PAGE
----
So you think you can do it yourself?

Don’t try this at home!

Every homeowner likes to think he or she is handy in some way – maybe you’ve replaced a faucet, painted a room, even installed a dishwasher, or done myriad other projects around the house. How hard can it be to take down a tree or install a patio?

The short answer is “hard”.

There are countless stories of property owners injuring themselves or others attempting to remove a dead or an unwanted tree. Some people attempt it with inadequate equipment or inexperience in using the right equipment. Not everyone can handle a chainsaw or work safely high up in a tree to dismantle limbs and trunks correctly to avoid dropping them on a house or across power lines.

Safe tree trimming and removal more often than not requires trained, experienced arborists with the right cutting and safety equipment to keep themselves and others out of harm’s way while carefully dropping the tree exactly where it should go or correctly sectioning and lowering it so that it can be properly disposed of without harming people or property.

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Protect Your Home: Remove Those Trees and Stumps

Stump Grinder

Having a tree in your garden or close to your house can really spruce up the appearance of your home. As beautiful as they are, trees also pose a potential hazard and have to be properly maintained, because in New England trees are often the victims of harsh weather, such as severe rain, snow and ice storms.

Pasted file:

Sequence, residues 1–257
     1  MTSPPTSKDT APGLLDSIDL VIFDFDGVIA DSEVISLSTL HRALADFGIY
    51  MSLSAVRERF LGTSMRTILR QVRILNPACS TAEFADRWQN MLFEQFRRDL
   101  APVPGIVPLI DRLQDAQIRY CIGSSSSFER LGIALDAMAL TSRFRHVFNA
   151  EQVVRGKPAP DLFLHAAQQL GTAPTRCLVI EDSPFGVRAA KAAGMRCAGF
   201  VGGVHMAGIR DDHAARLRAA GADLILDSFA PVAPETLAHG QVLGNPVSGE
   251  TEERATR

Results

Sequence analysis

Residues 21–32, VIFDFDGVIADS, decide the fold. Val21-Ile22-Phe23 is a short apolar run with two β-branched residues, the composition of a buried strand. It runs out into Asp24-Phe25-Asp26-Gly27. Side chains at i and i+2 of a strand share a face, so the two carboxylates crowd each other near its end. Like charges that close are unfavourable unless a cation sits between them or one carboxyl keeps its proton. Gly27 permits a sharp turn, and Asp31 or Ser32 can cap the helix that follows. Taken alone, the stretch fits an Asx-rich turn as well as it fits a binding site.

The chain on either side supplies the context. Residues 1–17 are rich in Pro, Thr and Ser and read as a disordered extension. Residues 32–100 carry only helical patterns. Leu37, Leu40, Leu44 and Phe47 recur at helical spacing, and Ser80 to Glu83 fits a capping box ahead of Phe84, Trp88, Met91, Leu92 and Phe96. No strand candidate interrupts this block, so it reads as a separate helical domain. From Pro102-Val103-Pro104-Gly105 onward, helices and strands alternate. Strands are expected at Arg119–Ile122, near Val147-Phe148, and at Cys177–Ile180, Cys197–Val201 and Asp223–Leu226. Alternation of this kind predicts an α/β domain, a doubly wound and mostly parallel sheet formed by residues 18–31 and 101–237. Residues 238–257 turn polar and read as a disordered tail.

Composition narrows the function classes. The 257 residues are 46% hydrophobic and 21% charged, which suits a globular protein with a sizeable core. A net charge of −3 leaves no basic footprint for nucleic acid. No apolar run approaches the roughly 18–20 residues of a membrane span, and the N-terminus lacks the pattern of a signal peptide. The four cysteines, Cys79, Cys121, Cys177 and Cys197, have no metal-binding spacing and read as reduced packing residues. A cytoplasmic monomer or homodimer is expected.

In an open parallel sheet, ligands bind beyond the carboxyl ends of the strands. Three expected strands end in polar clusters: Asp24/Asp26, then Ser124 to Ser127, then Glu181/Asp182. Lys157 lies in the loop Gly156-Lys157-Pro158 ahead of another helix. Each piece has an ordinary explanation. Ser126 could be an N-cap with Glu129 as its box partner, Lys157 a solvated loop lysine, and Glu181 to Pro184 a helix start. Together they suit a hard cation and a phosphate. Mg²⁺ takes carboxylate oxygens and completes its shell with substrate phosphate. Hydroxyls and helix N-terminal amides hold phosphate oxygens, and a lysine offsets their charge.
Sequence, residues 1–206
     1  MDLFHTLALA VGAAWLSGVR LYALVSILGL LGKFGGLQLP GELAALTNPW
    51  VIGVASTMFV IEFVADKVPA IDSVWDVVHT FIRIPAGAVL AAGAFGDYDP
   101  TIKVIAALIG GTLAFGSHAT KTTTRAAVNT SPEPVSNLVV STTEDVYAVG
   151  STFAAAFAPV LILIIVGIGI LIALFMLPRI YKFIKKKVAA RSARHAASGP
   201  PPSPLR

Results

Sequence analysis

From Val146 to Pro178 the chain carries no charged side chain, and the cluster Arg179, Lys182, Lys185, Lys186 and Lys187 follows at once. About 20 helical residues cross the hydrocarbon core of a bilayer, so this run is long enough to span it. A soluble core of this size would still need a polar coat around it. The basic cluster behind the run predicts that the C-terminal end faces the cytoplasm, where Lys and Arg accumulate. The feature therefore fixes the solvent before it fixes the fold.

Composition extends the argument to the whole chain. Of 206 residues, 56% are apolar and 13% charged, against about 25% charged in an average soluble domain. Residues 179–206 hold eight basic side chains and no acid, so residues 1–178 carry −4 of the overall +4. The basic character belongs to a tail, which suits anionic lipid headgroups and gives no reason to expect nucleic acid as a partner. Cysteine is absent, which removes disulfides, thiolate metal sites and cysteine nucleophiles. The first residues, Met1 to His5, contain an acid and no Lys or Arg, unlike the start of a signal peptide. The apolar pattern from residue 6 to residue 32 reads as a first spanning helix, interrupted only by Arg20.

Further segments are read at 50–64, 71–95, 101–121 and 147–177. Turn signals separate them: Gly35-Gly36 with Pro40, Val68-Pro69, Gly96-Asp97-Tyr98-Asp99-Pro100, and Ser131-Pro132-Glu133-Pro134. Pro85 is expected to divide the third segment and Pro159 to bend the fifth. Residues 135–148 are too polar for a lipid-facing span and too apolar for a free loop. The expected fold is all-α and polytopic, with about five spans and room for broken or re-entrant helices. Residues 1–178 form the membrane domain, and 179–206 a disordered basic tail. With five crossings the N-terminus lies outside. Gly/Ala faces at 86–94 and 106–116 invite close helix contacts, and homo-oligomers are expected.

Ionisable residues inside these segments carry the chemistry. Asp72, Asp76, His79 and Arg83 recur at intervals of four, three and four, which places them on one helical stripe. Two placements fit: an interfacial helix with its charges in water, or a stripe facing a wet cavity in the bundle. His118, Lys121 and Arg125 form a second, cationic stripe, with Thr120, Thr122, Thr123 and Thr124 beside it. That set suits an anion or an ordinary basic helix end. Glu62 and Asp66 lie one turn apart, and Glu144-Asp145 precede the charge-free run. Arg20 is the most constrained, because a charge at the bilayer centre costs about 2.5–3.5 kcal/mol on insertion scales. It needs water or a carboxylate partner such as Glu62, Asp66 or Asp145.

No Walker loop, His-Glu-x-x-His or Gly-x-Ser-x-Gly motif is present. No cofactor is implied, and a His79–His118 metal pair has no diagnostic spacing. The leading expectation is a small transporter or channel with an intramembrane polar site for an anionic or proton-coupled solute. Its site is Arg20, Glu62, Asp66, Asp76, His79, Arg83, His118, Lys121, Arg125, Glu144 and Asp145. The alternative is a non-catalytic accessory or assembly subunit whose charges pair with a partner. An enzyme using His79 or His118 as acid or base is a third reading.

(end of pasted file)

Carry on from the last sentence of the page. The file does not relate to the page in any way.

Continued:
The damage caused by fallen trees is typically covered under homeowners’ insurance, whether they fall on your property or your neighbor’s, but there are some factors to consider. Dead trees are considered a potential liability and should be removed before they fall, something that most insurance companies see as the homeowner’s responsibility. Not removing a dead tree could be considered negligence.

Although insurance companies will typically cover the damage caused by fallen live trees, it’s up to the homeowner to arrange the removal of the tree or any leftover debris. In some extenuating circumstances, your town may remove the tree if it hinders or damages public property such as roadways or power lines, or poses access constraints. When a tree falls, there are other losses to consider, such as replacing the tree and the cost of the deductible for repairs to the home.

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